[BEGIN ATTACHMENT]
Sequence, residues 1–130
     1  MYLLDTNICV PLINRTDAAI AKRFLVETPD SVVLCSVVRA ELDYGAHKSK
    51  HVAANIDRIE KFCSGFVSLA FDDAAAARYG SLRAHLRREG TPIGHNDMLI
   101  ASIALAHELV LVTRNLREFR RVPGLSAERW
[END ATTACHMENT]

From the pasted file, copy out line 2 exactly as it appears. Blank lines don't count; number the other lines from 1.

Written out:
     1  MYLLDTNICV PLINRTDAAI AKRFLVETPD SVVLCSVVRA ELDYGAHKSK